Ornamental Oxalis in my garden


I love Oxalis in my garden.

No, not the horribly invasive oxalis that has taken over my lawn, but the colorful and well-behaved hybrids available in nurseries everywhere.

Come and take a look…

My favorite oxalis of all is ‘Sunset Velvet’.

This variety is an evergreen trooper, happily growing in my Zone 9 garden for many years.

Planted in bright shade, it has survived the hottest days and the coldest nights (down to the high 20’s) without a complaint!

In spring, its delicate bright green foliage is beautifully complimented with its red stems.

As the temperatures warm up, the lime green turns to shades of terra cotta and peach, and the plant is soon covered with zillions of happy little yellow flowers (lasting for months.)

As fall and winter settles in, the shades intensify with oxalis putting on its best show yet.

One of the things I love best about ‘Sunset Velvet’ is the way in which it blends with just about any container you might have.  Terra cotta, ceramic, tile, zinc – you name it, it’s a natural companion.

And speaking of companions, plant ‘Sunset Velvet’ near tumbled bricks and you have a color echo made in heaven!


Another favorite of mine is oxalis ‘Burgundy Bliss’, with its dusky shades of maroon and olive green.

I’m a sucker for the color maroon, and anything that falls within this color range, so this one’s a natural for me.

I love it most when its little yellow flowers are in bloom, as they add a whole new dimension to any planting scheme.

I’m particularly fond of planting this variety in containers made of darker materials, like the faux bois one above, or my burnished copper window box.

The dark plum foliage of Oxalis triangularis ‘Charmed Wine’ is much larger than the above varieties, and has more of a traditional shamrock shape.

The triangularis varieties tend to fold their leaves down at night, forming tight little clusters, only to re-open again in the morning giving them the common name of ‘Butterfly Shamrocks’.

I’ve had many people tell me they’re not quite sure how to incorporate the vibrant (and somewhat garish) tones of the ‘Charmed Wine’ foliage within their containers.

I like to pair them with a plant that has similar (yet subtle) shades, like this Plectranthus ciliatus, creating unexpected color combinations.

I can also imagine this oxalis planted with many of the different heucheras that have similar colors under their leaves.


With such a wide variety of colors, combined with their tough and resilient nature, what’s not to love about these plants?  These oxalis are welcome in my garden anytime!

Enjoyed this article?  Please share it with others: 

Please leave a comment below


  • Hi Rebecca, Thank you so much for everything – you are my inspiration to keep gardening! But you gave me a bit of a shock – oxalis, then I realized is not the one I hate. What a lovely combination, I’m off to the nursery today to buy one. A big fan of yours from Sydney, Australia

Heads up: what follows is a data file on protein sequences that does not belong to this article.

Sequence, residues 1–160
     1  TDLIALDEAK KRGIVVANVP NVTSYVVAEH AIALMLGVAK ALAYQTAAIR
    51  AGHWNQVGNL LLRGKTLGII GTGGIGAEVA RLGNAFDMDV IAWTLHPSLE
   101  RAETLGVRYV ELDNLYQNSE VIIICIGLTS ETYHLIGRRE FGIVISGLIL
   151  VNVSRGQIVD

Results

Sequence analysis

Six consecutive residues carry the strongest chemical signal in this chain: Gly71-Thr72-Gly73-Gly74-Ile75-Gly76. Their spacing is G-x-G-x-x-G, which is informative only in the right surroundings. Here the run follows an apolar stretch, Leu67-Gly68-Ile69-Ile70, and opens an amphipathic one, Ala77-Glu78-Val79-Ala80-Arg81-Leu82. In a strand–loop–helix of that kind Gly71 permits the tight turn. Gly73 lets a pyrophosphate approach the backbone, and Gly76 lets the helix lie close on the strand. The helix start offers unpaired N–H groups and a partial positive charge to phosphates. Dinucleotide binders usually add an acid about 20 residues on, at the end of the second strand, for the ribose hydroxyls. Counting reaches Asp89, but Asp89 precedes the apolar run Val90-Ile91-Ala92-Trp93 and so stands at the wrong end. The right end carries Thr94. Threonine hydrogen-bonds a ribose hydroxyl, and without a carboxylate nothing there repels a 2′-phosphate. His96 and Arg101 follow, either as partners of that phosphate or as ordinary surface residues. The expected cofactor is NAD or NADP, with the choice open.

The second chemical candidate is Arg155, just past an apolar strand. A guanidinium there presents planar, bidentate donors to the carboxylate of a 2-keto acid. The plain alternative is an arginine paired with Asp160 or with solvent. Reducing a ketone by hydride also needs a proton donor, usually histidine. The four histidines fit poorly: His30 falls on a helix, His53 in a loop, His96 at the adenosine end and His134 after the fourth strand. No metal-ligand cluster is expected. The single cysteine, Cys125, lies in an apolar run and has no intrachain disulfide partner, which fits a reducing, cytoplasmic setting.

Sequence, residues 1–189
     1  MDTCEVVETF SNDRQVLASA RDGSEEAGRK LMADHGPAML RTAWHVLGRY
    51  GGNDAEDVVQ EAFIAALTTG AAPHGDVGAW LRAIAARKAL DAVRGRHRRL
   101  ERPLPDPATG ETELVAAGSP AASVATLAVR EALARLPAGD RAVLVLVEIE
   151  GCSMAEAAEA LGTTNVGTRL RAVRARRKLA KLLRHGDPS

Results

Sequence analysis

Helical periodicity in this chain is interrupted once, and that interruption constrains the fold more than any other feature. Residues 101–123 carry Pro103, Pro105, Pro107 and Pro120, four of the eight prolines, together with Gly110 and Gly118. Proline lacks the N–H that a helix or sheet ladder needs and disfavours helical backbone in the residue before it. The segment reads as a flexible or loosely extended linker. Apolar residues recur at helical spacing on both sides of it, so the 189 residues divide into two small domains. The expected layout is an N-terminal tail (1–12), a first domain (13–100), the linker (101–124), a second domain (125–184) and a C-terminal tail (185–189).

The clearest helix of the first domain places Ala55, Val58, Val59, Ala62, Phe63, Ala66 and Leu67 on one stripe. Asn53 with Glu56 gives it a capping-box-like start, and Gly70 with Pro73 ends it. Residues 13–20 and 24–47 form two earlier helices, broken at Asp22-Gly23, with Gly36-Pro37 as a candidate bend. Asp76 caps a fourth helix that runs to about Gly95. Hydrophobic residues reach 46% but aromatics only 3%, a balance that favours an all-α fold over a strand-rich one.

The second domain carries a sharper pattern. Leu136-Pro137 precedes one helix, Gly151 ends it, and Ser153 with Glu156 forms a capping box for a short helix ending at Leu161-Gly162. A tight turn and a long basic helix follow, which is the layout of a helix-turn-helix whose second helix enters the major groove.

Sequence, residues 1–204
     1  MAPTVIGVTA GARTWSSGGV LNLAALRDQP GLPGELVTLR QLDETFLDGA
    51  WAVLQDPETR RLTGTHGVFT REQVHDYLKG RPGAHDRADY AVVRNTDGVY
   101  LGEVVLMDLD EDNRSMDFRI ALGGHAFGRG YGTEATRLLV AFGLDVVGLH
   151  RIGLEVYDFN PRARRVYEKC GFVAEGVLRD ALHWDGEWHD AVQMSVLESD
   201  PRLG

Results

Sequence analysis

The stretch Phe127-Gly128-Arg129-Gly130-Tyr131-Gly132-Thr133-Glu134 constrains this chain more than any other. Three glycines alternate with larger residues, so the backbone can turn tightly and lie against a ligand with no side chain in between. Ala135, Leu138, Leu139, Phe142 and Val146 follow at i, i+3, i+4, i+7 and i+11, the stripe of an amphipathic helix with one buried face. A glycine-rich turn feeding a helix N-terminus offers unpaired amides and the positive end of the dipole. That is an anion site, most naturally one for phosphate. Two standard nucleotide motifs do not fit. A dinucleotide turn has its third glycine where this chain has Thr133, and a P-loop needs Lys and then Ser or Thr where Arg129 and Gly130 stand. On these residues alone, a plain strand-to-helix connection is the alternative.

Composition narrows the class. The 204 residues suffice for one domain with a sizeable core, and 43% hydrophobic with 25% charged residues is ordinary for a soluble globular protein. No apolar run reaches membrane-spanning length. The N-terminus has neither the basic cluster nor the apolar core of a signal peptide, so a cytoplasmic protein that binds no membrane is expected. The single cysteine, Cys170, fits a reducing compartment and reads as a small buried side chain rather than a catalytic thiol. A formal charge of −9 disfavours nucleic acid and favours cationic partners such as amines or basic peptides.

• Hi Rossie – what a lovely comment. Thank you so much, you truly made my day! And yes, I hate that obnoxious weed just as much as you do, but I love its relatives!!

  • Oxalis always reminds me of my grandmother, Rebecca. She had it lining all of her flowerbeds. Thanks for bringing up those sweet memories for me….. c:

    • Your grandmother used oxalis, Cherie? How wonderful! What variety – do you know?

  • The first winter we had in my home I was horrified when the oxalis started sprouting everywhere. The previous owner did nothing to control it so it was everywhere. Eight years later I have it under control, and every year there is less and less. When I first saw the ornamental oxalis I was horrified. It took me eight years to finally use it in my garden. I only bought two plants, a variegated variety, which hasn’t bloomed yet and a burgundy one that I haven’t planted yet.

    Love your containers, and I have to confess that I love maroon too. The triangularis is so pretty.

    • Oh, Laura, I feel your pain. My lawn is completely overrun with oxalis. But since I don’t want to use chemicals I guess I’ll just live with it and learn to love the yellow flowers woven throughout! But when it’s sprouts through my groundcover of thyme, forget it. There’s no recovering from that hot mess and I just end up ripping the whole thing out and starting over. I hate that weed! But LOVE it’s cousins!!!


Leave a Comment

Your email address will not be published. Required fields are marked *

This site uses Akismet to reduce spam. Learn how your comment data is processed.

Subscribe to my blog

Upcoming Speaking Events

February 12,
February 26,
February 27,
February 28,
February 28,
March 20,
May 28

Don’t Snub the Shrub!

Merced Garden Club

Merced, CA

Topic:  TBD

Woodinville Garden Club

Woodinville, WA

When to Break the Rules
(and how to get away with it!)

Northwest Flower & Garden Festival

Seattle, WA

Container Wars!

Northwest Flower & Garden Festival

Seattle, WA

The 7 Sins of Garden Design

Northwest Flower & Garden Festival

Seattle, WA

Don’t Snub the Shrub!

Montelindo Garden Club

Lafayette, CA

Topic: TBD

Piedmont Hoe & Hope
Garden Club

Harmony in the Garden is a participant in the Amazon Services LLC Associates Program, an affiliate advertising program designed to
provide a means for sites to earn advertising fees by advertising and linking to amazon.com and other affiliate marketing companies.

Scroll to Top